What the result mean: The results of an echocardiogram can help confirm the diagnosis of heart disease, measure the ability of the heart to do its job of pumping blood to the rest of the body, and indicate whether there are any abnormalities of the heart valves or heart walls.

Nuclear Scan

About the test: During this test, a small amount of radioactive substance (such as thallium or technium) is injected into your bloodstream. Although it is radioactive, the dose is so small that it is not considered dangerous, even for people who have this test many times over their lifetime.

As the substance travels to the arteries that supply blood to your heart muscle, a camera scans the amount of the radioactive substance reaching different parts of the heart muscle while you exercise. The distribution of the substance can tell the doctors about the blood flow to your heart.

If it is not possible for you to exercise, another substance is injected to simulate exercise-like stress on the heart while the scan is being done. The stress medication may cause you to have some discomfort (e.g., headache, nausea, chest pain, shortness of breath) for a few minutes, but these symptoms should not last long.

After the exercise or stress-medication part of the test is done, you will usually be asked to rest for about four hours before another scan is done. The two scans are then compared to identify the size and location of poor blood supply or damage to your heart muscle.

When to do the test: A nuclear scan is similar to an exercise stress test but provides more information about blood flow through the coronary arteries. Your doctor may order a nuclear scan if you have worsening symptoms and more information is needed about the condition of your heart and particularly when the electrocardiogram has certain patterns that are difficult to interpret in an exercise test.

What the result mean: A nuclear scan can show if a part of your heart that is deprived of blood supply during exercise can recover after rest this result would suggest narrowed arteries. If an area of the heart does not get any blood supply during exercise and does not recover after rest, this area is likely to have scar tissue left over from a previous heart attack.

Electron-Beam Computerized Tomography

About the test: Also known as EBCT or a CT artery scan, this test involves taking pictures of the arteries that supply the heart to determine whether there are any areas of blood vessel hardening and narrowing. Arteries that are hardened and narrowed by heart disease will have calcium deposits in the vessel walls, and this is what the computerized tomography (CT) scan picks up.

All the patient has to do is lie still in the CT scanner while it takes high-resolution pictures of the heart. Since this test is relatively new, the American Heart Association/American College of Cardiology are waiting for more studies of its use before fully recommending this test to help diagnose heart disease.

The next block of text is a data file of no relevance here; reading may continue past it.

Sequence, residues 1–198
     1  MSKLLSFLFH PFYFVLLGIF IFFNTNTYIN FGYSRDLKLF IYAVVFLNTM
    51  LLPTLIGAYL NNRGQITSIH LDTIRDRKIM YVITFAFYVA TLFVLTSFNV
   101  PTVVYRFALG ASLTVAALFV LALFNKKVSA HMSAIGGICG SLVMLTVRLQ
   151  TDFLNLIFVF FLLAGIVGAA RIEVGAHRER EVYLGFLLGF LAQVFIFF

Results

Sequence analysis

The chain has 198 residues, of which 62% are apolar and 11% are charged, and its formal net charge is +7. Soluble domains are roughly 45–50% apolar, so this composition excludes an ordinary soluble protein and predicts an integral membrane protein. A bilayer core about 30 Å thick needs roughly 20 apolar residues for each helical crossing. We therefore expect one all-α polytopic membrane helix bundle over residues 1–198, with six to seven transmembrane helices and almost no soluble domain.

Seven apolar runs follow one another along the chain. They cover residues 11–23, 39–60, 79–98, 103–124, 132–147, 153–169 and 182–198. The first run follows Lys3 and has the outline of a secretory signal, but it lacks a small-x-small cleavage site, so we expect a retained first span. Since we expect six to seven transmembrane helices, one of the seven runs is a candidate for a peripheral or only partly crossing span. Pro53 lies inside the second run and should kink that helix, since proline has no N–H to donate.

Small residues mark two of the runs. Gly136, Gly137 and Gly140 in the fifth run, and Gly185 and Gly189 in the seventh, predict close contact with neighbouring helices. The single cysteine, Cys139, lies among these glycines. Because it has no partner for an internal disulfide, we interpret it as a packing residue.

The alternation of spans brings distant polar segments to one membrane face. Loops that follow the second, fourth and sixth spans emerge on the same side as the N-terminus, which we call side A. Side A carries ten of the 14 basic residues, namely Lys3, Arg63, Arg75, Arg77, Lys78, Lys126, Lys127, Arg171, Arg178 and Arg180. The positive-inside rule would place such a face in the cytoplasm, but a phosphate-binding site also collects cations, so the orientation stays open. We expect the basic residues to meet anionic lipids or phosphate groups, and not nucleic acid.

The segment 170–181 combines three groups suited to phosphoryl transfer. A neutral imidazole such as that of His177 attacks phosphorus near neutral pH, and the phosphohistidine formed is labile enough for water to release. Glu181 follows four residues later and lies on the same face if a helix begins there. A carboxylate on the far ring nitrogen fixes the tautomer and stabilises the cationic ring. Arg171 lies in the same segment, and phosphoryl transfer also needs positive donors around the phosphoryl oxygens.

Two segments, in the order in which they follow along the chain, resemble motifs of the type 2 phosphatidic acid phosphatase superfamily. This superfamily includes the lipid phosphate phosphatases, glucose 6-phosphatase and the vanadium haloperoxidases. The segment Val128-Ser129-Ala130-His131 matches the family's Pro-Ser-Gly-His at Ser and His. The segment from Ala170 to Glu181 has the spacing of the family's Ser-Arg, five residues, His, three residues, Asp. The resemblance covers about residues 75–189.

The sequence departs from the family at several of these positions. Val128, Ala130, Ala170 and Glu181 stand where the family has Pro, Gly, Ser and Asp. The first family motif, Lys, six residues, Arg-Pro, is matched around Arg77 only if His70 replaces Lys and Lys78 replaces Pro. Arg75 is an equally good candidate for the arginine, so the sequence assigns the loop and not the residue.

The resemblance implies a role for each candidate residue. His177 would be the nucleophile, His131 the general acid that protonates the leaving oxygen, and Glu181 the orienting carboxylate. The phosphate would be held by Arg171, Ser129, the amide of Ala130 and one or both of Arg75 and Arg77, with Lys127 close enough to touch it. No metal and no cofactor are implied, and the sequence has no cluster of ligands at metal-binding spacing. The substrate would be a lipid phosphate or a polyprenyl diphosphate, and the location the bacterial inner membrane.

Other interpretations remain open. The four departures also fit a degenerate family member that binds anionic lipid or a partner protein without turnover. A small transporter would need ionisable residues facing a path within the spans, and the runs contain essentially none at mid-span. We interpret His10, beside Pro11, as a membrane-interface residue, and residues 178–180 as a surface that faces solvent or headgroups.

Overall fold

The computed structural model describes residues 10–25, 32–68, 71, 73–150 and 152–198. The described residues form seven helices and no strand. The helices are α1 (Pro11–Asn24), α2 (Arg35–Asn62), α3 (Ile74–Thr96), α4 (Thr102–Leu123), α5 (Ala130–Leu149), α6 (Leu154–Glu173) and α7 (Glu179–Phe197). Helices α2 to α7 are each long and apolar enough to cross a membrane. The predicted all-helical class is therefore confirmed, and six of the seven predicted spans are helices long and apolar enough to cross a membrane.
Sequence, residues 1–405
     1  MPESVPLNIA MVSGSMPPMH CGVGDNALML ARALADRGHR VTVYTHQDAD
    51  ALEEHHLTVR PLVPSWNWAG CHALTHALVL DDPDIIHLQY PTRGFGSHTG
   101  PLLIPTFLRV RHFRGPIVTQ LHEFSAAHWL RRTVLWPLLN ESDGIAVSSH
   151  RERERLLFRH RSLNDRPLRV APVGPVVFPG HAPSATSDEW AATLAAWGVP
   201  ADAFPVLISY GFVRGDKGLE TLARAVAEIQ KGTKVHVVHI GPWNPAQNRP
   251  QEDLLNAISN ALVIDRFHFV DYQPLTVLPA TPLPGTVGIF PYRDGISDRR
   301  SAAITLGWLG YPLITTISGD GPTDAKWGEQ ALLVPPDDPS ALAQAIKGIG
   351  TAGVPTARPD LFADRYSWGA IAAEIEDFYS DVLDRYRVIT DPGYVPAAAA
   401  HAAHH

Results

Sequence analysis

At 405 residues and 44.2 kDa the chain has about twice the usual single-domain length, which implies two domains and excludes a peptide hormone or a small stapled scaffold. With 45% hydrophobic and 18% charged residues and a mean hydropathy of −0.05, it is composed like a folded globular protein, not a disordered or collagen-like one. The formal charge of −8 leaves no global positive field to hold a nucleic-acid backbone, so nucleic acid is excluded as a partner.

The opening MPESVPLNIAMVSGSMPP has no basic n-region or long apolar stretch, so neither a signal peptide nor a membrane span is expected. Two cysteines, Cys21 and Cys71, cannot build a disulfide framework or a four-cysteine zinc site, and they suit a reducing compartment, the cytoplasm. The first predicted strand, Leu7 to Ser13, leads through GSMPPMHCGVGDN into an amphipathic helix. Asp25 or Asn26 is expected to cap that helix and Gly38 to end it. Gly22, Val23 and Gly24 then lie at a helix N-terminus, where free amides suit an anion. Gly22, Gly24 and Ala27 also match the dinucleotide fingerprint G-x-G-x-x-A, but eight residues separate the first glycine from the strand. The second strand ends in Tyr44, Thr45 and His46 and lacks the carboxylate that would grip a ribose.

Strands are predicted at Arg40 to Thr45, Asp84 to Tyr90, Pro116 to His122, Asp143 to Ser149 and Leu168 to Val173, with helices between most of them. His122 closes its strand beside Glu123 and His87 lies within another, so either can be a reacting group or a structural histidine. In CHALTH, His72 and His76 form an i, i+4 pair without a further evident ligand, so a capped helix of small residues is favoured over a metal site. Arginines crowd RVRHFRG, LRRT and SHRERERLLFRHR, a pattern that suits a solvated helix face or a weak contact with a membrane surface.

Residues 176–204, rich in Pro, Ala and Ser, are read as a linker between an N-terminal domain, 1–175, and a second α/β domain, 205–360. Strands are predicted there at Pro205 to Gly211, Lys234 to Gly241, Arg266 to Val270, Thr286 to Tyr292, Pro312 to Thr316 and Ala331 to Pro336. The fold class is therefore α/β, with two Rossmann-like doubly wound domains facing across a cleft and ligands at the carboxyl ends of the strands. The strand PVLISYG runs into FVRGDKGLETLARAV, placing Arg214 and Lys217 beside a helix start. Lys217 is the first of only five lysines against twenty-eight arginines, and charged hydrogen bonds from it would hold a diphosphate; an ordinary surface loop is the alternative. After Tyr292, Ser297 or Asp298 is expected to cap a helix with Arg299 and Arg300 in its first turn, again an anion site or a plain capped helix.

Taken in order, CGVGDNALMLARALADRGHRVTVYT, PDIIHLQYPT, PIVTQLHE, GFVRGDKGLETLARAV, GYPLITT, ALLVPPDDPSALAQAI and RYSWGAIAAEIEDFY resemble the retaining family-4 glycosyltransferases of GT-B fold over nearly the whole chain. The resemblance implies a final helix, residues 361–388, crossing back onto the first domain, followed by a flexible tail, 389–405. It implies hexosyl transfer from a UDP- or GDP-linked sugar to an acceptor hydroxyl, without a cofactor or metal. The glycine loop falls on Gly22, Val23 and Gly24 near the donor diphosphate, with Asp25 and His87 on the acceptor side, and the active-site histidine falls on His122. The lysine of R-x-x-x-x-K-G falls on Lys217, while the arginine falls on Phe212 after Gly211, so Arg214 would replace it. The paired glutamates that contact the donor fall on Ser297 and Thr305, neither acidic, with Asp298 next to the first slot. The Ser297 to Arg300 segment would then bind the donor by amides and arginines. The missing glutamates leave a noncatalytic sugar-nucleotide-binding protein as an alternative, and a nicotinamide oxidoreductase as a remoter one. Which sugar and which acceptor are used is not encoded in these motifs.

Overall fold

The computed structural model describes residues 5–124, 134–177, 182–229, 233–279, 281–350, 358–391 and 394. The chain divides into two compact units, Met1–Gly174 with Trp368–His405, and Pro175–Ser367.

When to do the test: Although not yet widely used, this test is done to help diagnose heart disease, especially if the patient does not yet have symptoms. Because the test is simple to perform, it may be used more in the future as a way to screen for narrowed or blocked major arteries of the heart in people who have a high risk for heart disease.

What the result mean: Pictures taken during this test will show whether one or more of the major arteries of the heart is hardened or narrowed by heart disease.

Electrophysiology Test

About the test: Heart disease makes some people’s hearts more prone to beating with an irregular rhythm or rate (arrhythmia). Also known as an EP study or EP testing, electrophysiology testing is used to help diagnose this condition, especially if it is not obvious from other testing.

The test involves threading a small wire into the heart in the same way as is done during a cardiac catheterization. Once the tip of the wire is in the heart, it can then be used to directly stimulate and record electrical signals made by the heart and to perform tests from various locations inside the heart. If needed, the area causing the irregularity can be targeted for special treatment or a pacemaker can be placed in the heart at the time of the test.

When to do the test: This test is done when it is suspected that a person’s heart may be beating with a dangerous rhythm. Sometimes the clue is fainting episodes or episodes of rapid or slow heart rates (which can be associated with a fluttering feeling inside one’s chest).

What the result mean: The results of the test indicate whether a person’s heart is prone to beating irregularly, and if so, what kind of an irregularity (arrhythmia) it is. This helps determine how it should be treated.